Fact Check-Judge Ketanji Brown Jackson did not personally accuse Donald Rumsfeld and George W. Bush of war crimes

On the second day of confirmation hearings for Judge Ketanji Brown Jackson’s nomination to the supreme court, two Republicans claimed she called former Defense Secretary Donald Rumsfeld and former President George W. Bush war criminals.

Senator John Cornyn put the accusation to Jackson, to which she responded: “I don’t remember that particular reference...I did not intend to disparage the president or the secretary of defense.” The allegation was also made by Senator Lindsey Graham of South Carolina. ( here )

Cornyn followed up his claim on Twitter with a post that includes the filing he is referring to: “Today I asked Judge Jackson why in the world she would accuse Secretary of Defense Rumsfeld and George W. Bush of being war criminals in a legal filing. Democrats claim she never said such a thing, so here's her filing for the record.” ( here ) The tweet has over a thousand likes.

The filing from 2005 is available to view in full ( here ).

Jackson, in her role as public defender, filed a petition on behalf of Guantanamo detainee Khiali-Gul. In it, she said Khiali-Gul had been tortured in violation of international law.

As U.S. national law specialist Steve Vladeck ( here ) told Reuters, the suggestion that Brown, in filing the brief, specifically calls Bush and Rumsfeld war criminals, is misleading.

“It is automatic for [such officials to be named on] Guantanamo habeas petitions… They had to name a person because of sovereign immunity rules that limit naming the government itself… Every Guantanamo habeas petition names the President and the Secretary of Defense as defendants – in their official, not personal, capacities.”

See Vladeck’s Twitter thread on the subject ( here ).

To infer from the filing that Jackson is personally accusing Bush and Rumsfeld of war crimes is misleading. The naming of Bush and Rumsfeld in the filing is not personal, their names had to be added to the filing because of the positions they held at the time.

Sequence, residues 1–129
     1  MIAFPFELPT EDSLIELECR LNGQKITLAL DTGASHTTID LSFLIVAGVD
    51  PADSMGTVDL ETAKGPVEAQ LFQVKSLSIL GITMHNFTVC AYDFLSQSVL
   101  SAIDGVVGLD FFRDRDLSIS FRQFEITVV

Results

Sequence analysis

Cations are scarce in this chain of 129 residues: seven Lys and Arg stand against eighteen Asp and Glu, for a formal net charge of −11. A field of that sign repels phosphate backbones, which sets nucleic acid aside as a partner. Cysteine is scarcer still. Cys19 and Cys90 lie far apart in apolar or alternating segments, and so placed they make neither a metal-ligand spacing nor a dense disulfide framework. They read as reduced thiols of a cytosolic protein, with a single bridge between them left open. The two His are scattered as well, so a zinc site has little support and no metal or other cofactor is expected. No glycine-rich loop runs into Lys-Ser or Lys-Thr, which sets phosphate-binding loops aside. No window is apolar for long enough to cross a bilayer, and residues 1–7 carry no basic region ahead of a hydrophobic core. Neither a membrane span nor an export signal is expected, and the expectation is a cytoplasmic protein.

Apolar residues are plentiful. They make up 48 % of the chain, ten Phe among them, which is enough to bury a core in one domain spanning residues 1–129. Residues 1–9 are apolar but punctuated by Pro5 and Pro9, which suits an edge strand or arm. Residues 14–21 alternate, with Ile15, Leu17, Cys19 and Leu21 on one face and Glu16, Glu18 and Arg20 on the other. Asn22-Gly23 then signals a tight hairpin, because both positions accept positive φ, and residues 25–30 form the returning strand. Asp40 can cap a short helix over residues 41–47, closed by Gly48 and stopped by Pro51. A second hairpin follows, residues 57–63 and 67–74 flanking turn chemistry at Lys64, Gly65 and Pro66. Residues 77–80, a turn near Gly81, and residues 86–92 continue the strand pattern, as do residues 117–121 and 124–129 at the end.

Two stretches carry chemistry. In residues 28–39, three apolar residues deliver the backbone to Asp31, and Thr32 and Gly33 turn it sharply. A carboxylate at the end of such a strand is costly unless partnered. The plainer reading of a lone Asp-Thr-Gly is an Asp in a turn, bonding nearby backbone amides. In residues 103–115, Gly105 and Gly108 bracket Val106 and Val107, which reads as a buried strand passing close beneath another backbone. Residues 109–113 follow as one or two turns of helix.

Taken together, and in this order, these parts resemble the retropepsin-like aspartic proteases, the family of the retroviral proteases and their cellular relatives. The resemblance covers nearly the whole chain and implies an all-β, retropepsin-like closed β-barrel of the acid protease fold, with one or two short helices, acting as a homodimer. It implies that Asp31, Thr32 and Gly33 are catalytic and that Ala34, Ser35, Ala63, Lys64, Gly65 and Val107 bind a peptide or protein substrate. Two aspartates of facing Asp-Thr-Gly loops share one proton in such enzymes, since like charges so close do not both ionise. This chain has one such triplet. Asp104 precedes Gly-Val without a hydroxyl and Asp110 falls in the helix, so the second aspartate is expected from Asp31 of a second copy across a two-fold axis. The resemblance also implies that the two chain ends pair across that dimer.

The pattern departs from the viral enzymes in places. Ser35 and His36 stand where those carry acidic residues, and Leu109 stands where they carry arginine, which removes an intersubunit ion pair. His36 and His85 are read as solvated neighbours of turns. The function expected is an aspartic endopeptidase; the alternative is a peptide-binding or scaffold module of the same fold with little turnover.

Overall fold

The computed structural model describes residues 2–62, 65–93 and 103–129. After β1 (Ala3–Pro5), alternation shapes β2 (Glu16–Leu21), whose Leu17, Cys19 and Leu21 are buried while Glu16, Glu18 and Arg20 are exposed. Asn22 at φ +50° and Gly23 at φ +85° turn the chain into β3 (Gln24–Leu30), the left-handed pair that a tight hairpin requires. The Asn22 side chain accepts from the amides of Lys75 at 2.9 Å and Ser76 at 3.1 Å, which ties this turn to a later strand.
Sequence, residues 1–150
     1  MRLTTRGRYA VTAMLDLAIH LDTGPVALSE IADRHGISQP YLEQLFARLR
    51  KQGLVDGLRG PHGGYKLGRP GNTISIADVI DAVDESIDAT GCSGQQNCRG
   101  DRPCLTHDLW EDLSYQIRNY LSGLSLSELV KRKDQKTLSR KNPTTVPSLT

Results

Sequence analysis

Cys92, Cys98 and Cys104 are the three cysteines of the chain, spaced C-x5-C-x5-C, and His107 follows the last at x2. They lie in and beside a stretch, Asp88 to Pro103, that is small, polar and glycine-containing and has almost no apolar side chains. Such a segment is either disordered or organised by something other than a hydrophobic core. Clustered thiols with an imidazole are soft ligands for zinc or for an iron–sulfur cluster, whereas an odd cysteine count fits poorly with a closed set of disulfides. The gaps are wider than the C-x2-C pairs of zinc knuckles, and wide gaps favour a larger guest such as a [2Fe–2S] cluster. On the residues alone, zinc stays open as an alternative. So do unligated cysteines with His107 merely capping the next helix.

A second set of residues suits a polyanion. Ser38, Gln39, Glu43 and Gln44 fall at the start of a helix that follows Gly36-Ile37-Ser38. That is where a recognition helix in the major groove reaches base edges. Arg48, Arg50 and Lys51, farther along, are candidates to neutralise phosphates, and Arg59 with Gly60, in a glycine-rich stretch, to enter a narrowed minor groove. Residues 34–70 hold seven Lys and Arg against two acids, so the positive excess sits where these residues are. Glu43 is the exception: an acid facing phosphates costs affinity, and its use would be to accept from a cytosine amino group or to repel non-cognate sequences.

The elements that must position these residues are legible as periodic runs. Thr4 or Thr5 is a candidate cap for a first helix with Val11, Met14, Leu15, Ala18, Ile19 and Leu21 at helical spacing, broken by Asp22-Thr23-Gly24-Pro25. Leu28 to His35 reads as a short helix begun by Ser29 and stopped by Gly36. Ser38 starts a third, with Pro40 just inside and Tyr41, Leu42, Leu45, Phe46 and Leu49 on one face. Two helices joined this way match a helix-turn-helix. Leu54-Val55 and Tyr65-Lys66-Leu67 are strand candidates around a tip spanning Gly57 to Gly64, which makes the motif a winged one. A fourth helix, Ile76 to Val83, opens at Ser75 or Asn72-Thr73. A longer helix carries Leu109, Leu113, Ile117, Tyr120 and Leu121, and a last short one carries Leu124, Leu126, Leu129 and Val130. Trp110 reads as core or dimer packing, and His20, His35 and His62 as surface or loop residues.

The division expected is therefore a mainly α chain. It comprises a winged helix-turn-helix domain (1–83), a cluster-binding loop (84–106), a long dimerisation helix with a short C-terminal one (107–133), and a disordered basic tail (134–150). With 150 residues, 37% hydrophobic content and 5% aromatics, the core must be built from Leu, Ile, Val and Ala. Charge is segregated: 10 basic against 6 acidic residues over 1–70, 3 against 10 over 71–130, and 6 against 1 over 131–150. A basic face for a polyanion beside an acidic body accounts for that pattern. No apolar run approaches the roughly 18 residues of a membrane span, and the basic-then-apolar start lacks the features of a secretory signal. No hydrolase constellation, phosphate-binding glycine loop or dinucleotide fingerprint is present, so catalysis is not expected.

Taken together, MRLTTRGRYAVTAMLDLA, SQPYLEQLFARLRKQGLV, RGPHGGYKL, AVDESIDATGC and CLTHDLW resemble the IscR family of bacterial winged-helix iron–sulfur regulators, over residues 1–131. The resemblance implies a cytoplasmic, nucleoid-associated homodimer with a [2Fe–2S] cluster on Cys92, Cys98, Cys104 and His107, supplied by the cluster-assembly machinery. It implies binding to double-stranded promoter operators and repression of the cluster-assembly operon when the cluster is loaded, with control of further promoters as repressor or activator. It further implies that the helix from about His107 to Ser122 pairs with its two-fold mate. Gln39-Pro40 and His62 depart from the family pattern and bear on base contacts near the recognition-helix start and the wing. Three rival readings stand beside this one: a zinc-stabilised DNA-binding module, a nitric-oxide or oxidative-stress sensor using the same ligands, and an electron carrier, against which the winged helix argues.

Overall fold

Replying directly to Cornyn’s tweet, Vladeck writes: “Senator: As you know, the #GTMO detainees were required to name President Bush and Secretary Rumsfeld as defendants in their official capacities because they couldn’t sue “the United States” in general.”

Vladeck points out that when President Barack Obama took over, his name replaced that of Bush on the brief. “When President Obama came to office on January 20, 2009, the captions *automatically* changed,” he says ( here ).

Indeed, Obama’s name appears in the details of the case as well ( here ).

Jackson, President Joe Biden's U.S. Supreme Court nominee, on Tuesday defended her past legal representation of Guantanamo Bay detainees ( here ).

On a contentious second day of her Senate Judiciary Committee confirmation hearing that lasted about 13 hours, Jackson pledged to be an independent jurist who would not inject her own views into rulings as Democratic senators rallied to her defence.

Jackson said her past legal representation of detainees at the U.S. naval base at Guantanamo Bay, Cuba, was consistent with American values of fairness.

She worked from 2005 to 2007 as a court-appointed lawyer paid by the government to represent criminal defendants who could not afford counsel, including four Guantanamo detainees. She later continued representing one of the detainees in private practice.

Jackson was nominated by Biden in February to become the first black woman to serve on the nation’s top judicial body. If confirmed, Jackson would be the 116th justice to serve on the high court, the sixth woman and the third black person. The court also would have for the first time four women and two black justices.


Misleading. It is misleading to suggest that Judge Jackson personally accused Bush and Rumsfeld of war crimes. The former president and defense secretary were officially named in the filing because it is procedure to do so on this kind of petition.

This article was produced by the Reuters Fact Check team. Read more about our work to fact-check social media posts here.